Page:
In his essay Supernatural Horror in Literature, writer H.P. Lovecraft opened with one of his most famous quotes: "The oldest and strongest emotion of mankind is fear, and the oldest and strongest kind of fear is fear of the unknown". You don't have to be reading one of his cosmic horror stories for that saying to be relevant. It is practically human nature to be afraid of things we do not understand. Such is the theme of Robert Wise's 1963 horror film The Haunting.
As it's name implies, The Haunting in its simplest form, is really just a very well-executed ghost story about the experiences of a small group of characters in a house that is apparently haunted. What separates The Haunting from other ghost stories is the reliance on fear of the unknown. We feel the presence of something, but we never really find out who or what it is or even if the characters are actually facing ghosts in the strictest sense.
Also interesting is the approach taken towards its material. The whole movie plays out as a scientific investigation of the supernatural, conducted by the character of Dr. Markway (Richard Johnson). He goes into the house because it is said to be haunted and he wants to observe the things that go on there. As he himself notes, the only real reason we are afraid of the supernatural is because we do not understand it.
Along for the ride is Eleanor "Nell" Lance, a troubled woman who may or may not be mentally ill; Theo, an apparent psychic who may or may not be a lesbian with a crush on Nell; and Luke, a skeptic convinced that the supernatural occurrences can be explained rationally. These four characters spend time living in this haunted house, finding strange things occurring.
The thing is while it seems that there is something here, we can't really tell to what extent. It becomes hard to determine for sure what is really supernatural and what can be explained. Doors seem to open or close on their own, statues seemingly move when nobody is looking, and Eleanor gradually becomes increasingly obsessed with the house. Is she really the victim of a malevolent presence or are her beliefs merely delusions brought about by mental illness. It is this uncertainty that makes the movie so unsettling.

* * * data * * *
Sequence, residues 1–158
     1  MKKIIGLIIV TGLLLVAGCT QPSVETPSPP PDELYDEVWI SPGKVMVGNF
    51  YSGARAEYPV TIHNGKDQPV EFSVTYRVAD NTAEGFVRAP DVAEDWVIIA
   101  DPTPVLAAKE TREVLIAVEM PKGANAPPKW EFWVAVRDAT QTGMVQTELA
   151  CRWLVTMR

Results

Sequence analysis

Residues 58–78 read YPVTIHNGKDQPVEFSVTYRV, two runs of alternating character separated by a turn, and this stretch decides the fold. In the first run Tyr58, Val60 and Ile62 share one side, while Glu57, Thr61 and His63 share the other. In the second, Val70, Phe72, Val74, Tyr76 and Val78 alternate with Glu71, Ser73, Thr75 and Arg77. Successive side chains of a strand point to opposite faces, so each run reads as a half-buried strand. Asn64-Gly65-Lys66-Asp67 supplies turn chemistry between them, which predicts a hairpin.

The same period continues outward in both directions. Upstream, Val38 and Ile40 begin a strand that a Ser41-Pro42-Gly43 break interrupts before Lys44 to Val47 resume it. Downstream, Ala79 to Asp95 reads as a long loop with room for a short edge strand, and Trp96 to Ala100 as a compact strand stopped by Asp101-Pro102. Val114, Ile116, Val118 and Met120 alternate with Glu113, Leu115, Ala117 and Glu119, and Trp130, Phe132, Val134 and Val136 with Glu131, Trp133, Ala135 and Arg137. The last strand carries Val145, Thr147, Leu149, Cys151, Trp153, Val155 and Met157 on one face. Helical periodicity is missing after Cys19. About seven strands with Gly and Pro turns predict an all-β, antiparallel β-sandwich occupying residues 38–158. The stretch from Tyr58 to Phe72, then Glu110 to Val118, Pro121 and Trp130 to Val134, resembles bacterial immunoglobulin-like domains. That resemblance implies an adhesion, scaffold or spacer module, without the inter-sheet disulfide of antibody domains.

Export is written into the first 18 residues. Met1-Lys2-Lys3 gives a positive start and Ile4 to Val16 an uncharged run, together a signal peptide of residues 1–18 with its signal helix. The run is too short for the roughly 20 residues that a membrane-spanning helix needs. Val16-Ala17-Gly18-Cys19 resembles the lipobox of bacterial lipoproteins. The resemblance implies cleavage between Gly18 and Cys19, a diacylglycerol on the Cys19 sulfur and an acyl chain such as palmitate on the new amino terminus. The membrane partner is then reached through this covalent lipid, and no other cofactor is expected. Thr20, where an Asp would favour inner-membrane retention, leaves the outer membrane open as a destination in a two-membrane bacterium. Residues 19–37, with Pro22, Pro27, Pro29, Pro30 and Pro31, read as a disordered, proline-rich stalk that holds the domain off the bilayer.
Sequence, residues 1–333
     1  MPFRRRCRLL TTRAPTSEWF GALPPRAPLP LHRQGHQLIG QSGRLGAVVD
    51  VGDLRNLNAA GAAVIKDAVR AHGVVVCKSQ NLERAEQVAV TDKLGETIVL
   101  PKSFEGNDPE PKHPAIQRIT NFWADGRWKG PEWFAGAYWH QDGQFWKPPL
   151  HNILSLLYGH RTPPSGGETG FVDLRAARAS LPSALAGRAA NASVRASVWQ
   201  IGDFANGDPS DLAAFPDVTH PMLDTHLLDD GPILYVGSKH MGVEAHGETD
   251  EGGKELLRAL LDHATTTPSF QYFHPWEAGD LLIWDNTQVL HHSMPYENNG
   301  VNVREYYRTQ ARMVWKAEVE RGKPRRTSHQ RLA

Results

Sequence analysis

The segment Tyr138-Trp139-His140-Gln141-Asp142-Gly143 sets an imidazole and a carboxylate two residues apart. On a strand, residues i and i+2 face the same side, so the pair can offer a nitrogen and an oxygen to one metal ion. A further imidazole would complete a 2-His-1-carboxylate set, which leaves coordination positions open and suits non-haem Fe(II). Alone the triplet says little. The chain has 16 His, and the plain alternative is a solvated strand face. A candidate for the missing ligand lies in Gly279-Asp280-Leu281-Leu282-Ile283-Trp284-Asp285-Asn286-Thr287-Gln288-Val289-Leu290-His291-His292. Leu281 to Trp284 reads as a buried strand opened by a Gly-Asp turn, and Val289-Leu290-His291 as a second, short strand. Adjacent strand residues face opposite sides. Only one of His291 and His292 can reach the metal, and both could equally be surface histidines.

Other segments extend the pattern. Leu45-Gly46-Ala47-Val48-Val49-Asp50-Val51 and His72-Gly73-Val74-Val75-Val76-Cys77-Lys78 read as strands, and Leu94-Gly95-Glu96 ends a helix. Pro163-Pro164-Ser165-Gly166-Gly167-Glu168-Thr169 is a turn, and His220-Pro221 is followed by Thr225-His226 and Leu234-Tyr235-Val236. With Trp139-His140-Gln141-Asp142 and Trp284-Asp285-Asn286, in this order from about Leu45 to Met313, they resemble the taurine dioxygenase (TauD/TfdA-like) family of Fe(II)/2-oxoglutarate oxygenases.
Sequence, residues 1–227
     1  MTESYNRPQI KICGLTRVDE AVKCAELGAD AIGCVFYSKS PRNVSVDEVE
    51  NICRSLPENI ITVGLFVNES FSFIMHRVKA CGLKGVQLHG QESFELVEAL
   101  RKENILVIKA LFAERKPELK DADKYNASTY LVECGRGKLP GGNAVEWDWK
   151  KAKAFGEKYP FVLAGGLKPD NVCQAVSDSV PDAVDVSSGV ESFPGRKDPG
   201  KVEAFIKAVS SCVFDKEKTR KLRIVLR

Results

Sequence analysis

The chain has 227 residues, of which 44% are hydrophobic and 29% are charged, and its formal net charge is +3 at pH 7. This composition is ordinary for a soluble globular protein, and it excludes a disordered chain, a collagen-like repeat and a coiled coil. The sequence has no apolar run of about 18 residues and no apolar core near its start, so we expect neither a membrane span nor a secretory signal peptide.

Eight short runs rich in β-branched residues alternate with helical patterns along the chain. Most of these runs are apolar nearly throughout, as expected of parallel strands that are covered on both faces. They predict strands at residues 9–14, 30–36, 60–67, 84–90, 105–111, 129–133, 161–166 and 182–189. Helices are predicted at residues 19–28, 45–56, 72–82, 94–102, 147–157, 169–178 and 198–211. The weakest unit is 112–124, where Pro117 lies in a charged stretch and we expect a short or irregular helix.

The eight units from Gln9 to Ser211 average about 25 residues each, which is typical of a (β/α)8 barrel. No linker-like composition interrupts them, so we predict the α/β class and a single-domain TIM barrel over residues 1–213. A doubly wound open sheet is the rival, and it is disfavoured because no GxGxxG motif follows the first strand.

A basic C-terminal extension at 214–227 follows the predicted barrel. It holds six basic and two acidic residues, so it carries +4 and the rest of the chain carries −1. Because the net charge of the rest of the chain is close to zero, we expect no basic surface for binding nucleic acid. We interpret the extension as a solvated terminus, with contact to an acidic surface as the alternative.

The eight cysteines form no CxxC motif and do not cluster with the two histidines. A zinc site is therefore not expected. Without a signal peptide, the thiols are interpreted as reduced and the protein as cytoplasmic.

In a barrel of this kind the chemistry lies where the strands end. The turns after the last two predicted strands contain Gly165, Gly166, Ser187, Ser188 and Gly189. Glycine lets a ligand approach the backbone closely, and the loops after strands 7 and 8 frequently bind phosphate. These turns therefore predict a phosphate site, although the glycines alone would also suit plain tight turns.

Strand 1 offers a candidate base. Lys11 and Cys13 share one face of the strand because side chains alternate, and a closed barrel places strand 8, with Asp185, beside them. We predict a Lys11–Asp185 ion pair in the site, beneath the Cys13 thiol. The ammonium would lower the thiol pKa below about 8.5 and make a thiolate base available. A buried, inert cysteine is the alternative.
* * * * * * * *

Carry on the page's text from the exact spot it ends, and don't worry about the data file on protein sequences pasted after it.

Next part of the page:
The house in itself is especially interesting, given the way it essentially becomes a character in its own right. The whole place has this strange vibe in every area the characters visit, even when there isn't any creepy stuff going on. Markway himself notes that the house was built by an eccentric in a very non-conventional way that makes it seem very much like a maze. At times it even feels as though the house itself is alive and malevolent, although given the nature of the movie it is hard to be completely sure.
A lot of horror movies have a tendency to have a lesser impact with age. Often given enough time as technology advances, the effects start to look fake and the movie itself may seem weaker as a result. The Haunting is a horror film that still holds up astonishingly well today, something probably helped by the strong absence of visual effects. Unlike many horror stories, it is not seeing the monster that makes it scary, but in fact quite the opposite.
I would strongly recommend The Haunting to any horror fan. It is especially fitting for Halloween seeing as the holiday is often associated with ghosts and haunted houses anyway (Markway even remarks that they should be prepared for every night to seem like Halloween). Even if you are not normally interested in ghost stories I guarantee that this particular movie will not disappoint.
Just do yourself a favor and make sure you see the 1963 Robert Wise version, and not the 1999 remake. That one will disappoint. If you want to know why you can take a look at The Nostalgia Critic's review and it will give you a pretty good idea. Avoid that one if you can, but do check out the 1963 film for a simplistic but clever little ghost story that will leave you on the edge of your seat.